On helping others
Like many other celebrities, Myleene has used her fame to call attention to, among others, the poverty and injustice in Sierra Leone, Africa through the organization World Vision. She’s sponsoring two families there, providing for the children’s education. “Two of the kids are on their way to becoming nurses,” she reveals, with a note of pride. “This isn’t going to make a difference to just one person; it’s going to make a difference to an entire community. I always tell my friends, ‘Rather than give me a present for Christmas, can you sponsor the kids instead?’”
“Whatever you’re doing, whatever you believe in, do not let anybody tell you, ‘You can’t do it’. I’ve been told at every stage of my career, ‘You can’t do that; you’re not right for this’. It’s not a matter of being arrogant and not listening. You actually have to think, ‘Okay, you might not be able to, but I will’. Never take no for an answer.”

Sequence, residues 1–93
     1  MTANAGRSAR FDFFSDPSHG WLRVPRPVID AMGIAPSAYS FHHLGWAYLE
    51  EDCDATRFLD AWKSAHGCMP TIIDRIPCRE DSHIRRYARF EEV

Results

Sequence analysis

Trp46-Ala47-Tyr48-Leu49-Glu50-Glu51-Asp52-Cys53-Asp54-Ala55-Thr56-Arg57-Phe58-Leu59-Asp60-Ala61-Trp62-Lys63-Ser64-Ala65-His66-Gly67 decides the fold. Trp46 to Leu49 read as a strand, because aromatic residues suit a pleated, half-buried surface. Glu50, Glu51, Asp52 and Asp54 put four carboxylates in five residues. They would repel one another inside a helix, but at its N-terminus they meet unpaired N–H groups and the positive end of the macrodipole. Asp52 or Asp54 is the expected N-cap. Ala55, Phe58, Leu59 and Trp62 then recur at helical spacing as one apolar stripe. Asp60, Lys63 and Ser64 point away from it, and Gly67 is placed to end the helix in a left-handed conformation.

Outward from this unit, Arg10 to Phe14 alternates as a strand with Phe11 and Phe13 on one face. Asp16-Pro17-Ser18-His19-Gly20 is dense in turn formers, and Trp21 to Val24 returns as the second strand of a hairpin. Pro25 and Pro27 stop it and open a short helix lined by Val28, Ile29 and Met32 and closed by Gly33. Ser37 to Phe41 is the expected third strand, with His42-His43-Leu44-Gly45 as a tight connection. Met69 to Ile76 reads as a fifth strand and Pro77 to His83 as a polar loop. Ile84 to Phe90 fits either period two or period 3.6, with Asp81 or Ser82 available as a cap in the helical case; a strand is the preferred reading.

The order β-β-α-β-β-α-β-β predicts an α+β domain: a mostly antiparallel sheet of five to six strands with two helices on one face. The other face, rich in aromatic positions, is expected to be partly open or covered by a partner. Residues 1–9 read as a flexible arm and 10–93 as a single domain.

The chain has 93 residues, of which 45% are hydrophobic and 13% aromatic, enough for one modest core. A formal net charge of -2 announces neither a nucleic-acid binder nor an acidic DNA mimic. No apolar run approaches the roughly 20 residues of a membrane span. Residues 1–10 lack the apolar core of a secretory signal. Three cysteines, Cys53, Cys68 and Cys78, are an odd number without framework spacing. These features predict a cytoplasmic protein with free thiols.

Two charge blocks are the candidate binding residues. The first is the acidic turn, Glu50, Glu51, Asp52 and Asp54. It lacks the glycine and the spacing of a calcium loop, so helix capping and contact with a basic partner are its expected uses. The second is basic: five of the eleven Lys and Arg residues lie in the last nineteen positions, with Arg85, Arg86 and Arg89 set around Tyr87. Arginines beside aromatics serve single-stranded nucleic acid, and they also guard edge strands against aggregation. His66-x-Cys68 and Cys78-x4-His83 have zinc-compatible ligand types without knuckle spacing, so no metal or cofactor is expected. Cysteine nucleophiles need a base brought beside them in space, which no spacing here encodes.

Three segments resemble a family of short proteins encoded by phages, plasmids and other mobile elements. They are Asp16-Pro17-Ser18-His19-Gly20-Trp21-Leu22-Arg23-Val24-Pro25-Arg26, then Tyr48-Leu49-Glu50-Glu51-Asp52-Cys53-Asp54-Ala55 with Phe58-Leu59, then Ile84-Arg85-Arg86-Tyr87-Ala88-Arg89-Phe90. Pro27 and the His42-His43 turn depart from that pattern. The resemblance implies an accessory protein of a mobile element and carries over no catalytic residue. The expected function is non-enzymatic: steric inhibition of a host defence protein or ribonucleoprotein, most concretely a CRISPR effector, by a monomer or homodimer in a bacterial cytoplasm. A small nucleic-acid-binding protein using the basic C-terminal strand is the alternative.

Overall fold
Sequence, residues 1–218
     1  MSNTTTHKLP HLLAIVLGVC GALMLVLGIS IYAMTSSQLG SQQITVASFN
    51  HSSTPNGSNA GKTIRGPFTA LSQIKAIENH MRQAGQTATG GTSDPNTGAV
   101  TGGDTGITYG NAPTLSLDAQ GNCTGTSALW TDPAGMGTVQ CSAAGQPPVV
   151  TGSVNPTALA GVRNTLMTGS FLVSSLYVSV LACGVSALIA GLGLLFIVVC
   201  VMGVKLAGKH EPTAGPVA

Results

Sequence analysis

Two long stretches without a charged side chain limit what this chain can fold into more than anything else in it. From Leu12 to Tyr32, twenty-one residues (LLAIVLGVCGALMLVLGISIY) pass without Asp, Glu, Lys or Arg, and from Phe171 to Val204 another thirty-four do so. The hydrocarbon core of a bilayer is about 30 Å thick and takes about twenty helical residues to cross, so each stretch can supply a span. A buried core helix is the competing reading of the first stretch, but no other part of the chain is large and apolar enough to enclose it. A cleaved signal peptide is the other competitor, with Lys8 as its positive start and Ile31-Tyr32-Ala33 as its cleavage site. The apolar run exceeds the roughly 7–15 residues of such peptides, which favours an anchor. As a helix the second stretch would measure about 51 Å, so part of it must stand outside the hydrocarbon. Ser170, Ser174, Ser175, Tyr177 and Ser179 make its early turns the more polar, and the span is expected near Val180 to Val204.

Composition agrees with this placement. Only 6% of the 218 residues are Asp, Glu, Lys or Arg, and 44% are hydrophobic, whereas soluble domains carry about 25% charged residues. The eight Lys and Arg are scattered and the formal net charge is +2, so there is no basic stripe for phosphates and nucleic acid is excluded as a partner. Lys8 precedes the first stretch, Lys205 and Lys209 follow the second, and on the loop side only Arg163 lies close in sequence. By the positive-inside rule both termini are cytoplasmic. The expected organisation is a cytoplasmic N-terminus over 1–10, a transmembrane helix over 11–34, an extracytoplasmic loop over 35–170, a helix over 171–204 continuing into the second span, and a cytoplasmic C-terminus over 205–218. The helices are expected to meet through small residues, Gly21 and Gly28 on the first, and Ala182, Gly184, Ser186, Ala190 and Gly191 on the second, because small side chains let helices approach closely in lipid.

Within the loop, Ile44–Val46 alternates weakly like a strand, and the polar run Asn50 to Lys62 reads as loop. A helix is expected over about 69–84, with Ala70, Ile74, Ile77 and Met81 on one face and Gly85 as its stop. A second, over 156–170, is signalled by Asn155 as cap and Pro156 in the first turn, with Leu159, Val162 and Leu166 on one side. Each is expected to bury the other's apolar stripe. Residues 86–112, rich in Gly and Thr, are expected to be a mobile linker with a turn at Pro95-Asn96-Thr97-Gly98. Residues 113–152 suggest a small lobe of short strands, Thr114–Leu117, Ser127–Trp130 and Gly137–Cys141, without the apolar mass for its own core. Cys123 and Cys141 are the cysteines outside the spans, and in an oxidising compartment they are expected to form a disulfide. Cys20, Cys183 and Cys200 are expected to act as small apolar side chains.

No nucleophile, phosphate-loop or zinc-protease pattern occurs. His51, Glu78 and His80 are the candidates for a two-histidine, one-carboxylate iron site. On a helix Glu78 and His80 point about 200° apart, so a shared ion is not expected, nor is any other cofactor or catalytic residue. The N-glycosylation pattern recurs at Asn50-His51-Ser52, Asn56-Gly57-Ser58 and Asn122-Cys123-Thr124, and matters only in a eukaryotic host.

So far, she hasn’t. Maybe she’s had to knock harder, sometimes exhibit a bit more persistence and patience, but life has finally opened its doors for her and said, “Yes, come in.”
For programming info on The Screening Room and Myleene’s blog, visit www.cnn.com/thescreeningroom.
(First published in Marie Claire, August 2007; photos used with permission from Myleene Klass, photos courtesy of CNN International)